Monday, September 4, 2017

Global Warming: Denialists

There are two general types of denialists when it comes to the issue of global warming. Those that don't believe that things are warming up, and those who don't believe human activities contribute to it. As for the first group, they're either simply misinformed, or else they're practitioners of the "ignorance is bliss" philosophy. The second group overlaps somewhat with the first one. For them, they simply either don't understand that CO2 is a greenhouse gas, and/or they don't understand the physics of the greenhouse effect.

A good place to start is with a simple straight forward science demonstration using two clear 2-liter soda bottles filled partially with water, Alka Seltzer (releases CO2 when it is immersed in H2O), a lamp, and two thermometers. This will show the greenhouse effect in action.

Extrapolating the above to how our atmosphere warms up to proportionately higher temperatures by increased levels of CO2 is straightforward. And then realize that if it weren't for this fact, the Earth would be perpetually frozen over with ice. Indeed, in the early geologic history of our planet, temperatures were much higher than now despite the sun's output being much fainter. The reason was very high levels of methane and CO2 greatly amplified the greenhouse effect. This allowed water to remain in its liquid state and for life forms to begin.

Tao Te Ching - Dao De Ching - By Lao Tzu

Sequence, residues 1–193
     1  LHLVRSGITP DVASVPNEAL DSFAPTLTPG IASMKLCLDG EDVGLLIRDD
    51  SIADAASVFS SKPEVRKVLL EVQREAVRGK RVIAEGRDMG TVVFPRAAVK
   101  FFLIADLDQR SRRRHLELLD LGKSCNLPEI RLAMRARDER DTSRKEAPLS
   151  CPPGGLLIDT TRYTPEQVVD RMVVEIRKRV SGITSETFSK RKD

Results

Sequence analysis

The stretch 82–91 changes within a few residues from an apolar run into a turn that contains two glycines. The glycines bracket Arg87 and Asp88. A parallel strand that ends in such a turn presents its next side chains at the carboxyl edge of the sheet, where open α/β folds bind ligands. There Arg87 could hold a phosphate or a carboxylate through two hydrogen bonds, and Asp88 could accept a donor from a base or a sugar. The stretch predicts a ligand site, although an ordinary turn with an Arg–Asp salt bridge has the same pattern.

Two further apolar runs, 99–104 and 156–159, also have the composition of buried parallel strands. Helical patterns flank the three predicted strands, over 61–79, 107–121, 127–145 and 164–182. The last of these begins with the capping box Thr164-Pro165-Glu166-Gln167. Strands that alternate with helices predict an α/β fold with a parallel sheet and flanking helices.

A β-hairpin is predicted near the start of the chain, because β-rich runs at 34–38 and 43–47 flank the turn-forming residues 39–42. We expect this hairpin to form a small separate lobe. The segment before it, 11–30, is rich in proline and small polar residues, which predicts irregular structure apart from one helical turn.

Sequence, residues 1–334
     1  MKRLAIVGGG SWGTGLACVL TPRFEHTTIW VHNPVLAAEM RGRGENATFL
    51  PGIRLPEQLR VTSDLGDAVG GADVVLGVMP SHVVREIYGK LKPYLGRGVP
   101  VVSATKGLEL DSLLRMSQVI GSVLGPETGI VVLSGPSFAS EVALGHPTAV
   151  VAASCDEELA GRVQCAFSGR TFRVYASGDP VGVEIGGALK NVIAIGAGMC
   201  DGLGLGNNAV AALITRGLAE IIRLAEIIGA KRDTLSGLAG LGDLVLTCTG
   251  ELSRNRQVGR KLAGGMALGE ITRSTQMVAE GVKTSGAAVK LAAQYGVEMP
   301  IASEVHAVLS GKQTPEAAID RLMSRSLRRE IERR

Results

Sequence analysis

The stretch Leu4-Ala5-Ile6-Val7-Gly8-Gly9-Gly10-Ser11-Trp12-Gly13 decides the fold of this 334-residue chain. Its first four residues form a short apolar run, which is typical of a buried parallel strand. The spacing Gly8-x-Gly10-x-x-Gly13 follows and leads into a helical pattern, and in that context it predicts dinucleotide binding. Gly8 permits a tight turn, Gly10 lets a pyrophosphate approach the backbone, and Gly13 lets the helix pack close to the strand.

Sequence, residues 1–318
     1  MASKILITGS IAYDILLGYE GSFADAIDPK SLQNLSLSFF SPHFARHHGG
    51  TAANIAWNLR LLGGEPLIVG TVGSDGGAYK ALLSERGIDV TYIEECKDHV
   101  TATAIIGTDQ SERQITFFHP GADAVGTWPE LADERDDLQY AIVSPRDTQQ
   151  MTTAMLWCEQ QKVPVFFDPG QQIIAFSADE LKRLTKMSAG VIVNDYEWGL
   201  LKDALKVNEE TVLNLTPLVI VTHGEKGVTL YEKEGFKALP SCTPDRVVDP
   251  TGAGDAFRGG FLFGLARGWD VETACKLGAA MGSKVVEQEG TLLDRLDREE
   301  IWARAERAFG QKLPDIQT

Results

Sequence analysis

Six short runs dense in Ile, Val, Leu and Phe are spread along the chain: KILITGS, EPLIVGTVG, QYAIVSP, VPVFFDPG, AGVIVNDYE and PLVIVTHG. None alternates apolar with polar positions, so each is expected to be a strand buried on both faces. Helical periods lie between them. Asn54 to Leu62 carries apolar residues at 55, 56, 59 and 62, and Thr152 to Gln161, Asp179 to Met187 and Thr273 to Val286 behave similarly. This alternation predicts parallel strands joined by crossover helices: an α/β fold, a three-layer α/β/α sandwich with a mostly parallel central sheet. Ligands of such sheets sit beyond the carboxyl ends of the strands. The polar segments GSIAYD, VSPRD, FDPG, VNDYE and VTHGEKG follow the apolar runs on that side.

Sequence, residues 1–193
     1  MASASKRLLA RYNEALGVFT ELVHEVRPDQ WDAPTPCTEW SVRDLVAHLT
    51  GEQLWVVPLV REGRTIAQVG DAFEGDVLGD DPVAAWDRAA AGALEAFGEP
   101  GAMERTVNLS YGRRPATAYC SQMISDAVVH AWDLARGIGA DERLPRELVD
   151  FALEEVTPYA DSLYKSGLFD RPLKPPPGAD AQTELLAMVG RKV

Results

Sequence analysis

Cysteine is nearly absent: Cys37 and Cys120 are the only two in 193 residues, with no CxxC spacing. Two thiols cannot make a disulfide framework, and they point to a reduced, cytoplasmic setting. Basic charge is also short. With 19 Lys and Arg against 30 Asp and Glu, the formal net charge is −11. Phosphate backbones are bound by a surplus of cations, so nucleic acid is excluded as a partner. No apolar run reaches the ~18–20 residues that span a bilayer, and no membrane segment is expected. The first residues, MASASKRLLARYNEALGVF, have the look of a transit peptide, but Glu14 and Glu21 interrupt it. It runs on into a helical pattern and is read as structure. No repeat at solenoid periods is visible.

Taoism is an ancient tradition of philosophy and religious belief that is deeply rooted in Chinese customs and worldview.

The Tao Te Ching, Daodejing, or Dao De Jing (道德經: 道 dào "way"; 德 dé "virtue"; 經 jīng "classic" or "text") also simply referred to as the Laozi, is a Chinese classic text. According to tradition, it was written around the 6th century BC by the sage Laozi (or Lao Tzu, "Old Master"), a record-keeper at the Zhou Dynasty court, by whose name the text is known in China. The text's true authorship and date of composition or compilation are still debated, although the oldest excavated text dates back to the late 4th century BC."

"The text is fundamental to both philosophical and religious Taoism (Daojia, Chinese: 道家, Pinyin: Dàojiā; Daojiao, Chinese: 道教, Pinyin: Dàojiào) and strongly influenced other schools, such as Legalism, Confucianism and Chinese Buddhism, which when first introduced into China was largely interpreted through the use of Daoist words and concepts."

"The Complete Tao Te Ching"
81 one minute chapters read to music
(no commercials):

TAO In Everyday Life (43 minutes)

Dao De Jing or Tao Te Ching - Book of the Way (1 hour 43 minutes)

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